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Custom JSX in TypeScript

by Lea Rosema

I'm in a love-hate relationship with React. In my day-to-day work, I work a lot with React. In my personal projects, I prefer working with more lightweight stacks, keeping the client-side JavaScript load in the browser as lean and tiny as possible.

Still, there are certain use-cases where I need to generate markup on the client-side from time to time, usually everytime where I need JavaScript anyway for a certain functionality.

Code Example


An example where I recently used JSX was for modal dialogs in my Boulder Dash clone.

In that project, I used JSX together with web components. This way, web components start looking very similar to React class-level components, see my game menu component.

A shortened version of this component is below:

import { h, fragment, renderTree } from '../utils/jsx-factory';

export class GameMenu extends HTMLElement {

  static register() {
    customElements.define('game-menu', GameMenu);

  gameMenu: HTMLDialogElement|null = null;
  menuButton: HTMLButtonElement|null = null;

  render() {
    const currentURL = document.location.href;
        <button class="burger" aria-controls="gameMenu" aria-label="open menu"> 
          <svg viewBox="0 0 16 16" fill="currentColor" aria-hidden="true">
            <rect x="1" y="1" width="14" height="3" />
            <rect x="1" y="6" width="14" height="3" />
            <rect x="1" y="11" width="14" height="3" />
        <dialog class="game-menu flow" id="gameMenu">
          <form method="dialog">
            <button id="buttonReturnToGame" class="button">Return to game</button>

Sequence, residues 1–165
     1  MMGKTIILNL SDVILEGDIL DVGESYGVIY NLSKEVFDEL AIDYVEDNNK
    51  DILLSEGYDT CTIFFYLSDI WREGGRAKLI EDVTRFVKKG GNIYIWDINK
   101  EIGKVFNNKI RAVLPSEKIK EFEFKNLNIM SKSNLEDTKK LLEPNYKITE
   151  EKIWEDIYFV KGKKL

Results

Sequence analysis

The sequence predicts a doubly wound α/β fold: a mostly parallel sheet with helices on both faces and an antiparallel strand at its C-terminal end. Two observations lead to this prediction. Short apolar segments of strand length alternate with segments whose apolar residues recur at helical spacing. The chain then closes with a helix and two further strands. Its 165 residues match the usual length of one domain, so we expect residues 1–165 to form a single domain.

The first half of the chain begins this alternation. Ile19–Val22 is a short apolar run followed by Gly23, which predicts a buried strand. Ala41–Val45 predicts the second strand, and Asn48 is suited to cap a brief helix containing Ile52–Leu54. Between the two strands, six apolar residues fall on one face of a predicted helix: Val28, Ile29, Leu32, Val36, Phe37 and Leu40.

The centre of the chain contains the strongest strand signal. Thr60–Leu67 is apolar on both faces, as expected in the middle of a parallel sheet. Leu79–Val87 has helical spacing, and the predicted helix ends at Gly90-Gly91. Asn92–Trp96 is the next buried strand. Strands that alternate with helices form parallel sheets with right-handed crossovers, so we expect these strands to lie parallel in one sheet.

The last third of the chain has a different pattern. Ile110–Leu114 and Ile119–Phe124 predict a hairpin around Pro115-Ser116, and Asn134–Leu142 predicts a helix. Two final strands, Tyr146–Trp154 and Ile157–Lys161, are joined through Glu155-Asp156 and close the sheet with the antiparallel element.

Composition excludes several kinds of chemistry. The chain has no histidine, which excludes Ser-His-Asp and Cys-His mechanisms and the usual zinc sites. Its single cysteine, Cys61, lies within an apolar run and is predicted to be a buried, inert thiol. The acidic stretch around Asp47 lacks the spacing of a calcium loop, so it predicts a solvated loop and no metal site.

<a href={currentURL} class="button">Restart game</a>
          <a href="/" class="button">Back to main menu</a>

  connectedCallback() {
    this.menuButton = this.querySelector<HTMLButtonElement>('.burger')!;
    this.gameMenu = this.querySelector<HTMLDialogElement>('.game-menu')!;
    this.menuButton.addEventListener('click', this.onClickButton);

  disconnectedCallback() {
    this.menuButton?.removeEventListener('click', this.onClickButton);
    this.innerHTML = '';

  onClickButton = () => this.gameMenu?.showModal();

The methods connectedCallback and disconnectedCallback are quite similar to the React lifecycle methods componentDidMount and componentWillUnmount.

One major difference to React is the fact I'm using class attributes rather than className. React chose to do so as class and for are reserved JavaScript keywords. Apparently, it works fine with class attributes so I prefer to stick to HTML as close as possible.

You could add certain transformations in your own JSX implementation to make both class and className work, but I decided to not do that.

I also kept the event handling separate and just went with using addEventListener. With some additional effort, we could also add support for adding event handlers in a declarative way, like React does.

Setting up JSX for TypeScript


You can enable JSX for TypeScript by editing the tsconfig.json by setting a couple of options.

  "jsx": "react",
  "jsxFactory": "h",
  "jsxFragmentFactory": "fragment",

There are multiple different types of JSX implementations. I'm using the legacy JSX factory implementation for now which was used in React up to version 16.

React version 17 introduced a new kind of JSX factory which I don't use yet. I will cover the differences of the old and new JSX in a follow-up article.

Providing an implementation for the JSX factory


In order to make the JSX factory work, we need to provide implementations for the h() function and also for fragment.